v. vouched, vouch·ing, vouch·es
1. To give personal assurances or a guarantee: vouch for an old friend's trustworthiness.
2. To constitute supporting evidence; give substantiation: a candidate whose strong record vouches for her ability.
1. To substantiate by supplying evidence; prove: "When any particular matter of fact is vouched by the concurrent testimony of unsuspected witnesses, there our assent is also unavoidable" (John Locke).
2. Law To summon (someone) as a witness to give warranty of title.
3. To refer to (an authority, for example) in support or corroboration; cite.
4. To assert; declare.
A declaration of opinion; an assertion.
[Middle English vouchen, to summon to court, warrant, from Anglo-Norman voucher, probably from Vulgar Latin *voticāre, alteration of Latin vocitāre, frequentative of vocāre, to call; see wekw- in the Appendix of Indo-European roots.]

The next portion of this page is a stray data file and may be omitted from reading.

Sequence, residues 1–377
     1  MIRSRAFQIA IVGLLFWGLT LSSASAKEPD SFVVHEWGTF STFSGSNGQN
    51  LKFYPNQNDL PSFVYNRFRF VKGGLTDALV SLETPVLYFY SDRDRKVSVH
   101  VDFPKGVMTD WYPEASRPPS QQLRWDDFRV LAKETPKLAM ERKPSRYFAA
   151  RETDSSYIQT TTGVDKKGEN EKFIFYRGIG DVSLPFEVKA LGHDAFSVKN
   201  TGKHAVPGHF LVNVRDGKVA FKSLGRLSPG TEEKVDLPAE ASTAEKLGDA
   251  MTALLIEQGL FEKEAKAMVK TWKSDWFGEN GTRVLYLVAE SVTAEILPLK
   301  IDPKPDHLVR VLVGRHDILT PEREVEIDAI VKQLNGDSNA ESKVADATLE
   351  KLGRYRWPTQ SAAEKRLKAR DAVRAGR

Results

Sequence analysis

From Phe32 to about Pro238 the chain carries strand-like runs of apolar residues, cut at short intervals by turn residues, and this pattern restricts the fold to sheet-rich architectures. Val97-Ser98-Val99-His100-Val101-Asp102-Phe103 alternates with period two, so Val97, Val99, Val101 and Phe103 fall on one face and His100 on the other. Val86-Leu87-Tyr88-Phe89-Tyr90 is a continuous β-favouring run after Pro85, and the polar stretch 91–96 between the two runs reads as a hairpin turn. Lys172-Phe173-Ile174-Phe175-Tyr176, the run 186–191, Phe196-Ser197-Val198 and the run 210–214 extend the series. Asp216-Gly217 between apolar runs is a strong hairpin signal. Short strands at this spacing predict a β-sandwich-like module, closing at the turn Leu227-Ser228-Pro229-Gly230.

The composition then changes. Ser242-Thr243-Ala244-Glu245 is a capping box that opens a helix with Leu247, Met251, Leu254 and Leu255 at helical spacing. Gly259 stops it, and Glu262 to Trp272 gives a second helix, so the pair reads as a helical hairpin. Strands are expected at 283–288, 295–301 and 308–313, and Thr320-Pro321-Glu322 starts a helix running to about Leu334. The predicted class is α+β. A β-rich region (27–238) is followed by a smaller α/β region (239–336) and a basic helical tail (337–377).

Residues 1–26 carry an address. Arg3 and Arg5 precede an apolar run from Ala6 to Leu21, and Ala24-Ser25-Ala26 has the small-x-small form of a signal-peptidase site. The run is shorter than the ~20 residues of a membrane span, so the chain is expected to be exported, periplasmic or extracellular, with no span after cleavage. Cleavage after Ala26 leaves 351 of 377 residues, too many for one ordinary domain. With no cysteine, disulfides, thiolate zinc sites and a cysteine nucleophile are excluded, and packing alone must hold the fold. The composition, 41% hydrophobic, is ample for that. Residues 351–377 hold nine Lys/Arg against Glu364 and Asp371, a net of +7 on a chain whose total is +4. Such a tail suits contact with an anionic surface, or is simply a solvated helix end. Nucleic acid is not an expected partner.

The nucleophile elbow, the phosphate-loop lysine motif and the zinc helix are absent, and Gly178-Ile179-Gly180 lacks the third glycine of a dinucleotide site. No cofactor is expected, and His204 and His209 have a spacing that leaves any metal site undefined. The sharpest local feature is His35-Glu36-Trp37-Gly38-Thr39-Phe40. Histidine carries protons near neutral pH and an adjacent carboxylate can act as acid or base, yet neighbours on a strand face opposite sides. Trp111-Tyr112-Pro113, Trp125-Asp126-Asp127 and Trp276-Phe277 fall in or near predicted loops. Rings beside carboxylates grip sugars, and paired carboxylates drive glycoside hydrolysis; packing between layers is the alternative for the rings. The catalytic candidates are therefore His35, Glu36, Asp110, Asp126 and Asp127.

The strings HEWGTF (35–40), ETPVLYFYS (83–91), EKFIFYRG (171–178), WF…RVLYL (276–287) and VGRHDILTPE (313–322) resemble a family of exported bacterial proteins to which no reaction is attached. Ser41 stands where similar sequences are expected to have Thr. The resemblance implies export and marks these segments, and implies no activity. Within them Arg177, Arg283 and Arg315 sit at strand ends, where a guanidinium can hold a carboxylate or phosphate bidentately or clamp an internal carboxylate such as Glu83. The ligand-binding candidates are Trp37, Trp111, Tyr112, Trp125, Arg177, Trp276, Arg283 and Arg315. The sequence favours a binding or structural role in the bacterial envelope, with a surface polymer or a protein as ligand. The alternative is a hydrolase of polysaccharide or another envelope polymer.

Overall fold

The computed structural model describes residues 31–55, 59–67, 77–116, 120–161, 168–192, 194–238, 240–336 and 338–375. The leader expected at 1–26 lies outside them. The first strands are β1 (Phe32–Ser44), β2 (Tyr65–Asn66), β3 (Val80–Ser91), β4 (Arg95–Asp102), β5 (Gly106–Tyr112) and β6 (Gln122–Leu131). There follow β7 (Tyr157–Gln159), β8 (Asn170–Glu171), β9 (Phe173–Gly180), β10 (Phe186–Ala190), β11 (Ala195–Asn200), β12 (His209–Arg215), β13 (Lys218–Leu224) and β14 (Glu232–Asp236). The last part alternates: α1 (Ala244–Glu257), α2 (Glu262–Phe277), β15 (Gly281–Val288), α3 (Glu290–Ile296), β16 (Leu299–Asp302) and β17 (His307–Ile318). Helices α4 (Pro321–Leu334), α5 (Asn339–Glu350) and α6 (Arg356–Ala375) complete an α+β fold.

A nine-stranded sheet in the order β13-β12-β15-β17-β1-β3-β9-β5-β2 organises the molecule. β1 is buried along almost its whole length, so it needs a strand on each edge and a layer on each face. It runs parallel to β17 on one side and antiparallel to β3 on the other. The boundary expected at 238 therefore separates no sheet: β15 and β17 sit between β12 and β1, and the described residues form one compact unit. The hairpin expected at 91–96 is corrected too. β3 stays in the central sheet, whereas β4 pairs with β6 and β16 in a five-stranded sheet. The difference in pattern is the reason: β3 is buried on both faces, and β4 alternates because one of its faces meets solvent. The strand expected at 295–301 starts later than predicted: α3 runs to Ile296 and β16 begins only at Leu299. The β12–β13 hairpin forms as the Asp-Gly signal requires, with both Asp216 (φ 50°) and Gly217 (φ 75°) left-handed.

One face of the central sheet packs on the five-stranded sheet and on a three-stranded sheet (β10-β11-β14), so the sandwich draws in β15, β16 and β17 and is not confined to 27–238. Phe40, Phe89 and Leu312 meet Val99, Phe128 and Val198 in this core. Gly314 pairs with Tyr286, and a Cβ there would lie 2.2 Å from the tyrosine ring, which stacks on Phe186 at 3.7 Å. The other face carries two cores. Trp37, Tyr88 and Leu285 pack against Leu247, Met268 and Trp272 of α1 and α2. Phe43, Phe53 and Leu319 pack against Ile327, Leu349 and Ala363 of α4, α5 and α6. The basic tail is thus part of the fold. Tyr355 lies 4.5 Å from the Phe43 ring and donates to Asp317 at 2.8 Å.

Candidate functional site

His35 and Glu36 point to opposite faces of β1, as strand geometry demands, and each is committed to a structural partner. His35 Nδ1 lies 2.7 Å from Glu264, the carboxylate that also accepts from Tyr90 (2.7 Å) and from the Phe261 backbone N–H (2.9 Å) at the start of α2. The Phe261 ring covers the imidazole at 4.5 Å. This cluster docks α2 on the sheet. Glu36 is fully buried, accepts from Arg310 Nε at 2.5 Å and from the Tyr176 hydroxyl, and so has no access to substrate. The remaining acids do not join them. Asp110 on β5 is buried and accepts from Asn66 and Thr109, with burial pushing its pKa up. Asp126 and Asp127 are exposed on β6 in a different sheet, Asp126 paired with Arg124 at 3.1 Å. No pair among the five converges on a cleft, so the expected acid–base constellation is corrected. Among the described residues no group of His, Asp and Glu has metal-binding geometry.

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Indo-European & Semitic Roots Appendices
Thousands of entries in the dictionary include etymologies that trace their origins back to reconstructed proto-languages. You can obtain more information about these forms in our online appendices:
The Indo-European appendix covers nearly half of the Indo-European roots that have left their mark on English words. A more complete treatment of Indo-European roots and the English words derived from them is available in our Dictionary of Indo-European Roots.